• a motion by Jay Adkins of First Baptist Church in Westwego, La., asking the Executive Committee to study conflicts of interest regarding the roles of legal counsel.
  • a motion by James Allen Murray of Centerville Baptist Church in Kelly, N.C., to add a fellowship meal Sunday to the denominational calendar.
  • a motion by Ted Traylor of Olive Baptist Church in Pensacola, Fla., to consider discontinuing the Committee on Resolutions.
  • a motion by Robert White of Shaw Heights Baptist Church in Sumter, S.C., asking the Executive Committee to study the possibility of asking the Committee on Resolutions to release resolutions 30 days prior to each annual meeting.
  • a motion by Charles Johnson of First Baptist Church in Sandy Hook, Ky., to amend the bylaws governing the Committee on Resolutions.
  • a motion by Steven Bailey of Calvary Baptist Church in Osceola, Ark., to include the Cooperative Program giving of candidates nominated for office.
  • a motion by Nate Magloughlin of Trinity Baptist Church in Amarillo, Texas, to allow for proxy voting by SBC missionaries.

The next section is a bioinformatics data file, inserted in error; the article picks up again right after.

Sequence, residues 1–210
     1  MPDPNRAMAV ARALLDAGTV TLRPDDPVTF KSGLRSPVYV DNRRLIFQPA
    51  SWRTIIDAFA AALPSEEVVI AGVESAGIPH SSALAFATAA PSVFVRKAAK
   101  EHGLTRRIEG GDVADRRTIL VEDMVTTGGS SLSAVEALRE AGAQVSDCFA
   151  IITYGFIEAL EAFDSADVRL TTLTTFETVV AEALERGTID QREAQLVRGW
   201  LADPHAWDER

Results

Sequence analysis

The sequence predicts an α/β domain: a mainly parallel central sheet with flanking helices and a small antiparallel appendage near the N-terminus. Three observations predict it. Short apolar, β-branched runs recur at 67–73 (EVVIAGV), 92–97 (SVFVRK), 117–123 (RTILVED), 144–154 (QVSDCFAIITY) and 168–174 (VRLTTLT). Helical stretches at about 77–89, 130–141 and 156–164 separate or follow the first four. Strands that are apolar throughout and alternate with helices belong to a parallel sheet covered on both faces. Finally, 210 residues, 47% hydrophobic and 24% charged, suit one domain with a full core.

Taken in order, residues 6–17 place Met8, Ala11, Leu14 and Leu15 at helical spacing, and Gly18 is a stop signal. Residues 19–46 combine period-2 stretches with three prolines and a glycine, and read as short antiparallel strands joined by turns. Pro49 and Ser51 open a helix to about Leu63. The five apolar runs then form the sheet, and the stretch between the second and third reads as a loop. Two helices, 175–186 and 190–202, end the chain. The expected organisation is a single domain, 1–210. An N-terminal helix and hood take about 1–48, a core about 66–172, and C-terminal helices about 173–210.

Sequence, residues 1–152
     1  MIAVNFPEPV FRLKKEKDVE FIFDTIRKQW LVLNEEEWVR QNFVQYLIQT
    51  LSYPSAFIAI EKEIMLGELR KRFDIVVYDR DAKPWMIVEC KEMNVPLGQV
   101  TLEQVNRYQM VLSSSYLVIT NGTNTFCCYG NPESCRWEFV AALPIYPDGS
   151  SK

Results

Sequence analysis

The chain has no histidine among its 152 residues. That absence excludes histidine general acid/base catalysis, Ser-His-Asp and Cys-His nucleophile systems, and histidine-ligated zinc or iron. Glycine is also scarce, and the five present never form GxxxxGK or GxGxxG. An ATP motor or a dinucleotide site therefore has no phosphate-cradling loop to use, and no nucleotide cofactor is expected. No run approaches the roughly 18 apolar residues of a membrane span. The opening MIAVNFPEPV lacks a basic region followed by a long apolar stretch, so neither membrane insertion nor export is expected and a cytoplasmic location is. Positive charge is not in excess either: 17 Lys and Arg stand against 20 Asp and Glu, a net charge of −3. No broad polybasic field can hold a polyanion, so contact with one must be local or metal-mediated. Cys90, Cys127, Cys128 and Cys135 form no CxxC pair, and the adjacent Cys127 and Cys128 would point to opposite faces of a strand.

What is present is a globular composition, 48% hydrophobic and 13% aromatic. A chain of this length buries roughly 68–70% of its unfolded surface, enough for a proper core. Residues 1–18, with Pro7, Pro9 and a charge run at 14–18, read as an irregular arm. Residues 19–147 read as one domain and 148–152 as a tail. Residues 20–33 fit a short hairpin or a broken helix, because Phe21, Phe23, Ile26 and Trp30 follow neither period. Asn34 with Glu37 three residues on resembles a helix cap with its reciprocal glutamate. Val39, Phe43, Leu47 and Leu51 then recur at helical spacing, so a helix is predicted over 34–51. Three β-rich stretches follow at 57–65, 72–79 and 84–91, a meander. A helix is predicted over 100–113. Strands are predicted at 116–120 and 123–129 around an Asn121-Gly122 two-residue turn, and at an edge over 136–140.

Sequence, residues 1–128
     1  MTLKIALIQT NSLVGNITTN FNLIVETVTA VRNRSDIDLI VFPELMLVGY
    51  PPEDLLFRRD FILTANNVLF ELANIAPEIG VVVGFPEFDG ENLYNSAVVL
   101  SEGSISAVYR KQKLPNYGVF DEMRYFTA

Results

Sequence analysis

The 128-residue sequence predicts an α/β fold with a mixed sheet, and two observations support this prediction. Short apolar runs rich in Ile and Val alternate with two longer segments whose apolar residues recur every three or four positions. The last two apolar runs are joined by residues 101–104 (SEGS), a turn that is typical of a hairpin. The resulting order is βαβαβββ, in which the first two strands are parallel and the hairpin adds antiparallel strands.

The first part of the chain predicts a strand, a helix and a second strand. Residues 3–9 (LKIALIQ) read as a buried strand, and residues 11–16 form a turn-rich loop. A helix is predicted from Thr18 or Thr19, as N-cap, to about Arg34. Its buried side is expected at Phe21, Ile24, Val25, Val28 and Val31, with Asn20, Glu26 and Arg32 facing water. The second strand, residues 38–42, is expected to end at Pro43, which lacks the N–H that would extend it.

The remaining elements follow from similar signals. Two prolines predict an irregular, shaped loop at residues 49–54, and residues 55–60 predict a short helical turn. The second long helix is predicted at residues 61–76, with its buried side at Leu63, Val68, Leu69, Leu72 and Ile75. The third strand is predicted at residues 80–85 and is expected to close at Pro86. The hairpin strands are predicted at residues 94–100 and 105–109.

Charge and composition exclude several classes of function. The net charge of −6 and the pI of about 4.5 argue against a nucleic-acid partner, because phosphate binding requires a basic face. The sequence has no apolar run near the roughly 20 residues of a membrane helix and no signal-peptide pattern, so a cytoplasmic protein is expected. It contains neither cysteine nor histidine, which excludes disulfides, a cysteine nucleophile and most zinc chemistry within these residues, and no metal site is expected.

• a motion by Jason Wing of University Baptist Church in Beavercreek, Ohio, to allow more advance notice of resolutions proposed by the Committee on Resolutions.
  • a motion by Roy Youngblood of First Baptist Church in Greenville, Texas, calling for a day of corporate repentance on the SBC Calendar.
  • a motion by Gary LaRoy of Tulip Grove Baptist Church in Old Hickory, Tenn., asking the Executive Committee to consider making Nashville the permanent site of the annual meeting and providing satellite locations.
  • a motion by Philip Nelson of Lakeland Baptist Church in Carbondale, Ill., calling for changing the name of the SBC to the Great Commission Baptist Convention.
  • a motion by Christopher Benavides of Oak Ridge Baptist Church in San Antonio, Texas, to amend Article 1 of the constitution to change the name of the SBC to Great Commission Baptists.

Two motions were referred to the Executive Committee and all entities:

  • a motion by Brad Patterson of First Baptist Church in Lavon, Texas, that each entity assess the use of nondisclosure agreements.
  • a motion by Rick Hillard of First Baptist Church in Princeton, Ky., that each entity undergo an audit and disclose all details at least 30 days prior to the annual meeting.

A motion by John Blackmon of Meansville Baptist Church in Meansville, Ga., requesting that Lifeway produce resources for Deaf people was referred to the International Mission Board and North American Mission Board.